but now I get to go on longer trips on my own as long as my CFI approves
of my flight plan before I go. Next lesson will be Class-B transition
ops and review and endorsement for me to take my FAA written test. I
wanna try Fresno as my first long trip when I get back too. Then
it's review of regulations and all the material, another phase check to
find any holes, then it's my FAA check ride! I hope to finish by
the end of November, then move right on to my IFR and Commercial
ratings which should take 3-4 months.
- Oct. 10-12, 2003: Busy Weekend
- Oct. 10, 07:00 PDT: Flew to Mexico City's Toluca Airport (MMTO)
from San Jose (KSJC)
Mexico City is beautiful -- must go back. Ate lunch at Karizma Cantina,
yummy food and drinks. Ate dinner Friday at Villa Maria
-- GO THERE. The food and the ambiance is great, so is their
tequila list. I recommend Don Eduardo reposado.
- Oct. 11: Had a tour guide hired by the hour to take us to the
Anthropological Museum on the way their and also after on the way
to the race track he gave us a historical tour as time allowed.
I'll post his contact info here later -- he's a gentleman in his 60's
who drives as his only income; he's a gem and a wealth of history and
English fluent. At the track, PK Racing qualified for 12th
<>Oct. 12: PK
Racing finished 5th!
After the race was nearly over we had to get to the airport to get back
to the US before the airport closed at Brown Field (SDM) in San Diego;
it seems that when entering from the South you have to clear at the
first available port of entry instead of flying to San Jose even though
it has customs facilities. How did we get to airport and avoid all the
traffic? Helicopter! Woo-Hoo! First time in a
whirlybird for me; simply breathtaking flying over Mexico City at 2,500
feet and over the ridge line toward Toluca with lightning less than 5
miles away. The flight home was a little bumpy for weather, but
the views over Baja California were breathtaking too. We landed
Brown Field, cleared customs before taking off in an hour later for San
- Oct. 2, 2003 00:30 PDT: Change
- Europe trip is off as it's getting late in the year for a comfy
time, but some new trips have appeared:
- Oct. 10-12, Mexico City for
CART race. PKR's
Mika Salo came in 3rd in last weekend's Miami race!
- Oct. 15-29, Austraila for
- I think I'm going to ride my motorcycle down to LA this weekend
afer my flying lessons on Fri. and Sat. to "get away". Disneyland
is on the menu for Sunday.
- Sep. 29, 2003 23:00 PDT: OK So much has happened since the
- My last solo flight was on Aug. 3rd. This has got to
change. But truth be told, I've been busy. Good news: I've
booked some lessons for this weekend (Oct. 3-4) to review so I can take
my cross-country check ride, then my final soon!
- Aug. 29th was my last day at Blue Martini -- stick a fork in
I'm done. Oct. 19th would have been my 5 year anniversary.
It's time to move on and build another company somewhere else.
- Then the "fun" started:
- 8/30-9/1: Santa Fe, NM visiting friends
- 9/2-9/3: SJC-Dublin, Ireland
- 9/3-9/4: Dublin-London, England
- 9/4-9/7: London-Geneva, Switzerland (actually Montreux)
For my friend's sister's wedding. Mmm...cheese.
- 9/7-9/9: London-Indianapolis, IN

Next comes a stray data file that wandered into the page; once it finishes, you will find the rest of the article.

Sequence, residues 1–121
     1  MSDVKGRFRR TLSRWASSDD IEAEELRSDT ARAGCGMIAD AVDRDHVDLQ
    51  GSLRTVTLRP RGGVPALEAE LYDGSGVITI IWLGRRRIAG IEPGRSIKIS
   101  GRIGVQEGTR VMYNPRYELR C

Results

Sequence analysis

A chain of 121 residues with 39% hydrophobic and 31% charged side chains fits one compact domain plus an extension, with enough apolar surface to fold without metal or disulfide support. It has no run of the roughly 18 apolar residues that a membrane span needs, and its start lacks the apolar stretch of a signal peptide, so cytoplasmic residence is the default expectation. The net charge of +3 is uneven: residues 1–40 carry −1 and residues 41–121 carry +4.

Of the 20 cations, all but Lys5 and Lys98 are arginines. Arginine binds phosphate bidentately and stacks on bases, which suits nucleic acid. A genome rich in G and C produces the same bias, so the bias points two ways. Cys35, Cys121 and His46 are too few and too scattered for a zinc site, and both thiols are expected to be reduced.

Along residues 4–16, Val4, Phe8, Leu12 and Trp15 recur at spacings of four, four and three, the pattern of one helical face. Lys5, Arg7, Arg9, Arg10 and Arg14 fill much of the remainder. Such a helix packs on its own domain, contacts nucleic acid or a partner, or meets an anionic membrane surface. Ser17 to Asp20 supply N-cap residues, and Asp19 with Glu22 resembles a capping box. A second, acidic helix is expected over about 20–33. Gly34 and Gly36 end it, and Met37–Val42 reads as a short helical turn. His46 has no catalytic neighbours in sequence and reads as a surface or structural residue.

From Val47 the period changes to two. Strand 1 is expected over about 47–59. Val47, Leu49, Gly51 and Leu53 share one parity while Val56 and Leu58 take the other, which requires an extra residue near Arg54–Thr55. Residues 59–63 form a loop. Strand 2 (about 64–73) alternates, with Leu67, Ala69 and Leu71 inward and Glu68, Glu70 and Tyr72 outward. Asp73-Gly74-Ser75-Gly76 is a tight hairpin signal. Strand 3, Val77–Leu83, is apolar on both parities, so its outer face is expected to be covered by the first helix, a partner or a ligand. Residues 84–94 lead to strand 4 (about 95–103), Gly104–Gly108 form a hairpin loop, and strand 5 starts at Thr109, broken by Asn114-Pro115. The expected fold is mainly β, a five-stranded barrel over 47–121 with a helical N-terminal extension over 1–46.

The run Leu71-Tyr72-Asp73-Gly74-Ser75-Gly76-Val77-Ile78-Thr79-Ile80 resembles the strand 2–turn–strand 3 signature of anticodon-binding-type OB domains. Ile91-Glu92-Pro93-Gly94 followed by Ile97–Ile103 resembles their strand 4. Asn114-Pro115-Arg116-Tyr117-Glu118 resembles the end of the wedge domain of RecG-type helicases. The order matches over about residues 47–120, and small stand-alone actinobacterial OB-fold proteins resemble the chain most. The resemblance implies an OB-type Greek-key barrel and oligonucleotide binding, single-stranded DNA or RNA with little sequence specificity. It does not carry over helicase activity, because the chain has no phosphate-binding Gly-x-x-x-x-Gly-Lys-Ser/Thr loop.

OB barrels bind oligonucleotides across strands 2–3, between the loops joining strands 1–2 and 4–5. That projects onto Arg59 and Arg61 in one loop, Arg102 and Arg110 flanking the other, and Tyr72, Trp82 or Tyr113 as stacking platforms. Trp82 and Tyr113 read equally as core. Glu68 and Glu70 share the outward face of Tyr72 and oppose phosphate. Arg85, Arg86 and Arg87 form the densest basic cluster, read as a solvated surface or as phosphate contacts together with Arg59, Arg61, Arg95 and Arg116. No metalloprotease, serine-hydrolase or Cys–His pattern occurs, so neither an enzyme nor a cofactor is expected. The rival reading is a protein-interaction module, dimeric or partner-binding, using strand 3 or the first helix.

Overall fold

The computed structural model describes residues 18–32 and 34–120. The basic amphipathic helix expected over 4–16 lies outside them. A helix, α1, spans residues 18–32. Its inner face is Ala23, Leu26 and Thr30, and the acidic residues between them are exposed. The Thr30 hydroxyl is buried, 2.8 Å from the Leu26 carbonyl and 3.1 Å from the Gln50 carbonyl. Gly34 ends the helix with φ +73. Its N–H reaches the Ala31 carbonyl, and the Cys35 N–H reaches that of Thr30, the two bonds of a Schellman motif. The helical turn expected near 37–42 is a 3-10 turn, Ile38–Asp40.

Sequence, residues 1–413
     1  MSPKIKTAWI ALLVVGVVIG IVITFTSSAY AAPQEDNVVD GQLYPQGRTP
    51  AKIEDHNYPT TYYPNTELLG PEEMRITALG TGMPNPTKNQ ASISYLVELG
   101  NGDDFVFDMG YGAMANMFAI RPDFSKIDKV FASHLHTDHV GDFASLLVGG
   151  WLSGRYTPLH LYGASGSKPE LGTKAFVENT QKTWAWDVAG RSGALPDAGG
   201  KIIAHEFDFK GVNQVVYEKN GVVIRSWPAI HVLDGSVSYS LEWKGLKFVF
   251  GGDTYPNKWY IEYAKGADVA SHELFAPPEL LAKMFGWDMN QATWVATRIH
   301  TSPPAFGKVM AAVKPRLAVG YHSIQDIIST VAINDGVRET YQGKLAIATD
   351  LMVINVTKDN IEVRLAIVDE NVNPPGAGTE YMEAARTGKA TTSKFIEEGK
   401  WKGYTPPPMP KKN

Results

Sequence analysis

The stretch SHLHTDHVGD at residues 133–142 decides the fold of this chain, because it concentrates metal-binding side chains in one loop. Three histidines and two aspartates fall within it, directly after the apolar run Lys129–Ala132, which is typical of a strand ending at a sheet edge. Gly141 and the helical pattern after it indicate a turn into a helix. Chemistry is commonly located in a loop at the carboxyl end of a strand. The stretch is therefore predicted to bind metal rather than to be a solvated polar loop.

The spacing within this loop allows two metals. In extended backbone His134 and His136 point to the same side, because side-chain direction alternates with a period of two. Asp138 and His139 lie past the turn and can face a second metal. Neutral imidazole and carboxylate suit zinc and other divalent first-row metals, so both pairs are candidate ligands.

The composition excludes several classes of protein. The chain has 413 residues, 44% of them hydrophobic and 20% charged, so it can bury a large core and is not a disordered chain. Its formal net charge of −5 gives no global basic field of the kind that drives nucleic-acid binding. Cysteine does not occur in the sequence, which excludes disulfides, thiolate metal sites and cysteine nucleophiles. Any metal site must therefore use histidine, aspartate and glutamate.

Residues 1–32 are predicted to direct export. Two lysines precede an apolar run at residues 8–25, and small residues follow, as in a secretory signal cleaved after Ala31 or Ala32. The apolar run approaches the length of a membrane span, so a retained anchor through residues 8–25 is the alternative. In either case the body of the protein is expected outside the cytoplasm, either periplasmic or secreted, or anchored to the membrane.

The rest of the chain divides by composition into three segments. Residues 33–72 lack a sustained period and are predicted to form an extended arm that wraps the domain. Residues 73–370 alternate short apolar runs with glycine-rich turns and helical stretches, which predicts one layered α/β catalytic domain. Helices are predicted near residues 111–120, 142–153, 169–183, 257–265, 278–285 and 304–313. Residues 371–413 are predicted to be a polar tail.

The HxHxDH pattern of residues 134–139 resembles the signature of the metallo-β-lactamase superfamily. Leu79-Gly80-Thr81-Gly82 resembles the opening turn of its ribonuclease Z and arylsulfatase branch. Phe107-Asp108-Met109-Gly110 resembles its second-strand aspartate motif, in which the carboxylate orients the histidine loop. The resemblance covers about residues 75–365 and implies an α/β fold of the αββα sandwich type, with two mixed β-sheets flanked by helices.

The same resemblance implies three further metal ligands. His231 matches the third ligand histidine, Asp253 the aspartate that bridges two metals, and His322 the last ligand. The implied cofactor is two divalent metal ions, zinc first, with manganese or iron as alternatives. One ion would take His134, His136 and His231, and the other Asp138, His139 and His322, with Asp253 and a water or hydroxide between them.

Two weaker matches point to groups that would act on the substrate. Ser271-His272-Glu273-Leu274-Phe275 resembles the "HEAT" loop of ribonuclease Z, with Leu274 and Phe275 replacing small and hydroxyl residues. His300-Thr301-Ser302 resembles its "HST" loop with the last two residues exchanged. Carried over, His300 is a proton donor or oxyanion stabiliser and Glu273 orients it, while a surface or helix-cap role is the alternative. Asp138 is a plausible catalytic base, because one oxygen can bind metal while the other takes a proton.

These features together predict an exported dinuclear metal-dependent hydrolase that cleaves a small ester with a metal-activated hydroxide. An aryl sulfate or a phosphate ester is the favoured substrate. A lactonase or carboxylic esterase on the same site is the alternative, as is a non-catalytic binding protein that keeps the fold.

- 9/9-9/10: Indianapolis-SJC
- While I was in London on Sep. 8th. My grandmother passed
away in SoCal. This was no surprise as she was 94 and in the
hospital under hospice care. She passed in her sleep not two
after her son saw her last. She was sharp as a tack up until the end.
- On top of it all, not two hours before I got home from
Indianapolis, my 17 year
old cat Bianca
passed away -- also
in her sleep. She stopped
eating the day before I returned. My roommate Tom did all the
right things. I took her to the vet the following day and had her
cremated; now she sits on the mantle in a pretty box on top her ceramic
food dish emblazoned with "Her Majesty".
- My grandmother's passing kicked off another trip:
- 9/13 Flew to SoCal to spend a few days with my family helping
prep for the transport of my grandmother's body back to Hawaii for
memorial and burial.
- 9/17 Flew from LAX to HNL
- 9/19 Memorial in Honolulu
- 9/21 Fly to Hilo on the Big Island for burial
- 9/22 Burial
- 9/23 Back to Honolulu for R&R visiting with family.
- 9/27 Fly back to SF
- Next trip: Europe
- 10/9 SFO-LHR (London)
- Then on to Paris via EuroStar (Chunnel)
- Then to Barcelona
- Then to Rome
- Maybe Venice
- Detail happens in here somewhere
- 10/25 LHR-SFO
- Then relax?
- Feb. 25, 2003 13:00 PST: Passed
Solo Phase Check! Picked from a hat, the check ride pilot
didn't fail me, despite the bumpy ride and dodging clouds. Now I
can fly solo within 25 nautical miles from the airport. After being
questioned on the ground at the aircraft on various topics, we took off
from KPAO, climbed
Crystal Springs/280, did slow-flight, stalls, steep-turns, and a
simulated engine failure (that's what all those empty fields around the
huge Stanford radio dish antenna are for...). Then went to KSQL for a few landings
go-around. Then back to KPAO
for pattern work and airport operations. All in all, 1.5 hours of
airwork. Couldn't do short-approach due to traffic, but passed
cleanly with a few comments, come corrective, some supportive.
it's cross-country time! (At least I can fly alone now and practice
without paying $$$ for lugging an instructor around...)
- Jan.17, 2003 16:45 PST: FIRST
let me fly this by
myself over there. Here's
OK, I'm not hooked on flying mind you, I'm officially addicted.
Now I can't decide on getting one of these, or one of those. Oh wait, that
would infer actually having enough money. Never mind. Move along.
There's nothing to see here...not that I'm bitter or anything...
"Soloing is like having sex for the first time, except this time it's
better because you're doing